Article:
**Comparing data displayed in dot plots :**

In this section, we are going to see, how to compare the shape, center, and spread of a data which is displayed in dot plot.

**Example 1 : **

Numerically compare the dot plots of the number of hours a class of students exercises each week to the number of hours the students play video games each week.

1. Compare the shapes of the dot plots.

The dot plots appear almost opposite. The dot plots show that most students exercise less than 4 hours but most play video games more than

6 hours each week.

2. Compare the centers of the dot plots by finding the medians.

The median number of hours that students exercise is 2.5 hours, which is 6.5 hours less than the median of 9 hours that students play video games.

3. Compare the spreads of the dot plots by calculating the ranges.

The dot plots show the ranges to be similar to one another. The range for the amount of time that students exercise is 12 hours, and the range for the amount of time that students play video games is 14 hours.

4. Calculate the median and range of the data in the dot plot. Then compare the results to the dot plot for exercise in Example 1.

Median: 6 h, range: 10 h ;

If you remove the outliers, the range is 4 hours. The median is greater than the median for exercise. The range is less than exercise.

**Example 2 :**

The dot plots show the heights of 15 high school basketball players and the heights of 15 high school softball players.

1. Visually compare the shapes of the dot plots.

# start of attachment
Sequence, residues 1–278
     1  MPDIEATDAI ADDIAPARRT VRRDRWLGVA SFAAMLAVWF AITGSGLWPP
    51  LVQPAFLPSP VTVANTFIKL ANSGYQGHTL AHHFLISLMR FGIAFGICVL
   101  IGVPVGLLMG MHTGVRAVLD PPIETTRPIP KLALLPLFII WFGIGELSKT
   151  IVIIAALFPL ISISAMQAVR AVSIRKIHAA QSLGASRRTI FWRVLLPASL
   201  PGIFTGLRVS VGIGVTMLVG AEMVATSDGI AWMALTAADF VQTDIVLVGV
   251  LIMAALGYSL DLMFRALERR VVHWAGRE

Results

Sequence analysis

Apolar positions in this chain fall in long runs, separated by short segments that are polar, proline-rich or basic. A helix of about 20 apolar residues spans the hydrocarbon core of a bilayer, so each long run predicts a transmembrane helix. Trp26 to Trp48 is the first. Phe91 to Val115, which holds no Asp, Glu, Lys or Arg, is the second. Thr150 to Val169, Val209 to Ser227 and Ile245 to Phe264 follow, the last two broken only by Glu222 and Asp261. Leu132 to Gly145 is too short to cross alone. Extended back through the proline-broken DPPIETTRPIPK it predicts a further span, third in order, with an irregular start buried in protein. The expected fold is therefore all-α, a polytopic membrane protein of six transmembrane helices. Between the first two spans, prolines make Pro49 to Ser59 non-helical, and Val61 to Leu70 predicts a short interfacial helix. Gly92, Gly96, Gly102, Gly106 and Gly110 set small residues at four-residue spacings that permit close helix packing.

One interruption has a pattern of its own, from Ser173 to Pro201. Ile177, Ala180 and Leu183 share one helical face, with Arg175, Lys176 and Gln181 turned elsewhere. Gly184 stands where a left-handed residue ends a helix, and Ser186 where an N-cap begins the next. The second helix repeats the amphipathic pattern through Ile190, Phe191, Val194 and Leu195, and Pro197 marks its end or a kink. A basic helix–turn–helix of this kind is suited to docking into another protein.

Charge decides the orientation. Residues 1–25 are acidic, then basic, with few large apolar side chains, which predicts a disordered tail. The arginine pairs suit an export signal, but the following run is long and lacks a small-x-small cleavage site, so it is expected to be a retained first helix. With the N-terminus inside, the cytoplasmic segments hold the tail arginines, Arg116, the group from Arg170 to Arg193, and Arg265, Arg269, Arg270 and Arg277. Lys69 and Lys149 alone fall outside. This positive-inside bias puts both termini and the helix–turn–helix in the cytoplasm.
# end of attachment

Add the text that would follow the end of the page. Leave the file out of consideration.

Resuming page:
Softball : All the data is 5’6” or less.

Basketball : Most of the data is 5’8” or greater.

As a group, the softball players are shorter than the basketball players.

2. Visually compare the centers of the dot plots.

Softball : The data is centered around 5’4”.

Basketball : The data is centered around 5’8”.

This means that the most common height for the softball players is 5 feet 4 inches, and for the basketball players 5 feet 8 inches.

3. Visually compare the spreads of the dot plots.

Softball : The spread is from 4’11” to 5’6”.

Basketball : The spread is from 5’2” to 6’0”.

There is a greater spread in heights for the basketball players.

4. Visually compare the dot plot of heights of field hockey players to the dot plots for softball and basketball players.

**Shape :**

Dot plots for field hockey players and softball players have a similar spread.

**Center :**

Center of the field hockey dot plot is less than the center for softball or basketball players.

**Spread :**

Dot plots for field hockey players and softball players have a similar spread.

After having gone through the stuff given above, we hope that the students would have understood "Comparing data displayed in dot plots".

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